I don’t know what can be done to stop this, but at the very least there is a petition you can sign. It would be good to see a lot of signatures, so that Leicester can see how damaging a move like this will be to its reputation.

### Should I have bet on Leicester City?

May 3, 2016

If you’re not British, or you live under a stone somewhere, then you may not have heard about one of the most extraordinary sporting stories ever. Leicester City, a football (in the British sense) team that last year only just escaped relegation from the top division, has just won the league. At the start of the season you could have bet on this happening at odds of 5000-1. Just 12 people availed themselves of this opportunity.

Ten pounds bet then would have net me 50000 pounds now, so a natural question arises: should I be kicking myself (the appropriate reaction given the sport) for not placing such a bet? In one sense the answer is obviously yes, as I’d have made a lot of money if I had. But I’m not in the habit of placing bets, and had no idea that these odds were being offered anyway, so I’m not too cut up about it.

Nevertheless, it’s still interesting to think about the question hypothetically: if I had been the betting type and had known about these odds, should I have gone for them? Or would regretting not doing so be as silly as regretting not choosing and betting on the particular set of numbers that just happened to win the national lottery last week?
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### Discrete Analysis launched

March 1, 2016

As you may remember from an earlier post on this blog, Discrete Analysis is a new mathematics journal that runs just like any other journal except in one respect: the articles we publish live on the arXiv. This is supposed to highlight the fact that in the internet age, and in particular in an age when it is becoming routine for mathematicians to deposit their articles on the arXiv before they submit them to journals, the only important function left for journals is organizing peer review. Since this is done through the voluntary work of academics, it should in principle be possible to run a journal for almost nothing. The legacy publishers (as they are sometimes called) frequently call people naive for suggesting this, so it is important to have actual examples to prove it, and Discrete Analysis is set up to be one such example. Its website goes live today.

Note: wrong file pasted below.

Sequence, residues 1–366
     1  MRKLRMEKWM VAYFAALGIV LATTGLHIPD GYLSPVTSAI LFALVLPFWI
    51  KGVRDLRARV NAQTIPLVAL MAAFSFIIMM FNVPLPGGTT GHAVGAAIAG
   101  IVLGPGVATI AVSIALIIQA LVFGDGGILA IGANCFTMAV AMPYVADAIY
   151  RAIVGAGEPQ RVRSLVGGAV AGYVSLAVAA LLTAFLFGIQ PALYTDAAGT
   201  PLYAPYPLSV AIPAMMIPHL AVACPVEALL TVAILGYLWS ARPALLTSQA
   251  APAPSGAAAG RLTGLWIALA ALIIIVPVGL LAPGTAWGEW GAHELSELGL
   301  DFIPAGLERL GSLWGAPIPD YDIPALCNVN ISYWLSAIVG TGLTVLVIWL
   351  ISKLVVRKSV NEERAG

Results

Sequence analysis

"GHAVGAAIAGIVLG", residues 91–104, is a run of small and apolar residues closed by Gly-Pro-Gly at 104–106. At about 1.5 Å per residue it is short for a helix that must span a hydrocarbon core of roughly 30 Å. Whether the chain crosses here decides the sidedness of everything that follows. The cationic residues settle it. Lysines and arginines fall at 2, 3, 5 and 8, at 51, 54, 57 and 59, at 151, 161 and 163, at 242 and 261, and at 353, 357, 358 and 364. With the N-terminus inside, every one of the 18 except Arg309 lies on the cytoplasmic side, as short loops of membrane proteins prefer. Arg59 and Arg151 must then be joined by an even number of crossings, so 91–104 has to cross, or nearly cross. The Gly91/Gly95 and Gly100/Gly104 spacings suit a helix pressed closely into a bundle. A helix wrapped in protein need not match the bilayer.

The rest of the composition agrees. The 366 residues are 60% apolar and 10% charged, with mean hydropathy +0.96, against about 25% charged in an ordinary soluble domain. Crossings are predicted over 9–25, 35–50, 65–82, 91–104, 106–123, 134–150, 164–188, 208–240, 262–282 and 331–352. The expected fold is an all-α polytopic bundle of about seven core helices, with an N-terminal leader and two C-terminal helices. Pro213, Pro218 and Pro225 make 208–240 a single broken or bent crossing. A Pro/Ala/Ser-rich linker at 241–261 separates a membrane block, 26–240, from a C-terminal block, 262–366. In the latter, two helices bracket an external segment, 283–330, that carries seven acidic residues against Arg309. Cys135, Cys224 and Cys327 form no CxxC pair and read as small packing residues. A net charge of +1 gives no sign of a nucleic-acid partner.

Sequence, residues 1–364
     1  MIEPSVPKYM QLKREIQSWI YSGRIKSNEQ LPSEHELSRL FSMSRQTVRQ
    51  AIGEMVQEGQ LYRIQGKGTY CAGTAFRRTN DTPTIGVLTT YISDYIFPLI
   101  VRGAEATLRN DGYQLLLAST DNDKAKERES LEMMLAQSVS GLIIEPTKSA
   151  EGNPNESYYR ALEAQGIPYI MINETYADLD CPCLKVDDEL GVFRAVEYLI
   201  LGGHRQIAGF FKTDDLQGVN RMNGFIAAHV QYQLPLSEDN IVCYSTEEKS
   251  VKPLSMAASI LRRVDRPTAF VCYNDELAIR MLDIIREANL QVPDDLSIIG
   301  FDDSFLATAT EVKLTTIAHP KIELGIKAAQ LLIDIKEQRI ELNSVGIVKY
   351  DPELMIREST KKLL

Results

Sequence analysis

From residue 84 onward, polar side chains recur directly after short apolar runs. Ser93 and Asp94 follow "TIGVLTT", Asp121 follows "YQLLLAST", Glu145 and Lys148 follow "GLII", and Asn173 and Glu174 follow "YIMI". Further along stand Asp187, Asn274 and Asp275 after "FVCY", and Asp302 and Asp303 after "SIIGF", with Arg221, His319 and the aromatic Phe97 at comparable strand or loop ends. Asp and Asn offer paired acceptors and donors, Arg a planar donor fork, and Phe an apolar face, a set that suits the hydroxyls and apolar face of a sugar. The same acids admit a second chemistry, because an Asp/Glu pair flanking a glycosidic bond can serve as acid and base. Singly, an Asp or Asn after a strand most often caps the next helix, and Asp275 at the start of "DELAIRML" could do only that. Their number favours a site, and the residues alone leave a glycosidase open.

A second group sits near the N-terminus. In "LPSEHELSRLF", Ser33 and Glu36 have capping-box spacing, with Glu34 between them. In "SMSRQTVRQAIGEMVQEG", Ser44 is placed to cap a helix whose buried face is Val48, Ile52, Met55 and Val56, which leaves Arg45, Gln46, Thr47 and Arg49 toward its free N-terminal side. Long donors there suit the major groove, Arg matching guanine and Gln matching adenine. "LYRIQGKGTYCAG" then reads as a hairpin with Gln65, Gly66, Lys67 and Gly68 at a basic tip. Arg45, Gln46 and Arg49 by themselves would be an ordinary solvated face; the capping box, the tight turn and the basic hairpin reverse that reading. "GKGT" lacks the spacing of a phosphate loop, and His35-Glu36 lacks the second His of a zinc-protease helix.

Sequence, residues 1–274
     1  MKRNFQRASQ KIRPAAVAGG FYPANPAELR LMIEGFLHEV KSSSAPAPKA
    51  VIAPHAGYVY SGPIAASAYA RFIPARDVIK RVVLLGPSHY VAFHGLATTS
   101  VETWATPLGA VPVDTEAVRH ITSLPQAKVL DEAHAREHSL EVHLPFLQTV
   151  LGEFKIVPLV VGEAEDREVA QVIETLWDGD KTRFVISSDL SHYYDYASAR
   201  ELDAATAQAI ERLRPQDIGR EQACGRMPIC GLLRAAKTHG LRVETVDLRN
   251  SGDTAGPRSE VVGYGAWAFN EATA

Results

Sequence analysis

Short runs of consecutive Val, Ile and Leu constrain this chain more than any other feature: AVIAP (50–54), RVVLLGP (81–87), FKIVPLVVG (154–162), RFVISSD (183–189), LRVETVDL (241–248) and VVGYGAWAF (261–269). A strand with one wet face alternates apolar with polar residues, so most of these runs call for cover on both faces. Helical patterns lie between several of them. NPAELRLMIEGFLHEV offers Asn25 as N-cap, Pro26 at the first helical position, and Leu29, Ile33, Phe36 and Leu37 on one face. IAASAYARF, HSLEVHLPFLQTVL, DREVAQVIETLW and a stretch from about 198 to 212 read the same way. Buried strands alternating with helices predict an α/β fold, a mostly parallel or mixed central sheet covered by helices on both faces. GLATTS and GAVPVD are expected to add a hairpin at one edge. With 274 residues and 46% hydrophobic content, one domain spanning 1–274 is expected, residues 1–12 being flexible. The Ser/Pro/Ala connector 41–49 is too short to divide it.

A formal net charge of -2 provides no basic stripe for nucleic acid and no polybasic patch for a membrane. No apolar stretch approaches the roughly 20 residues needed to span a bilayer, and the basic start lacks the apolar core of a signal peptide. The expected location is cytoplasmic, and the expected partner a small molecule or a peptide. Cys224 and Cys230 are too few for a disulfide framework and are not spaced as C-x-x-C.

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### Interesting times in academic publishing

November 10, 2015

In this post I want briefly to mention four current goings on in the world of academic publishing.

First, I’ll just briefly say that things are going well with the new journal Discrete Analysis, and I think we’re on course to launch, as planned, early next year with a few very good accepted papers — we certainly have a number of papers in the pipeline that look promising to me. Of course, we’d love to have more.

Secondly, a very interesting initiative has recently been started by Martin Eve, called the Open Library of Humanities. The rough idea is that they provide a platform for humanities journals that are free to read online and free for authors (or, as some people like to say, are Diamond OA journals). Perhaps the most interesting aspect of this initiative is that it is funded by a consortium of libraries. Librarians are the people who feel the pain of ridiculous subscription prices, so they have great goodwill towards people who are trying to build new and cheaper publication models. I think there is no reason that the sciences couldn’t do something similar — in fact, it should be even easier to find money.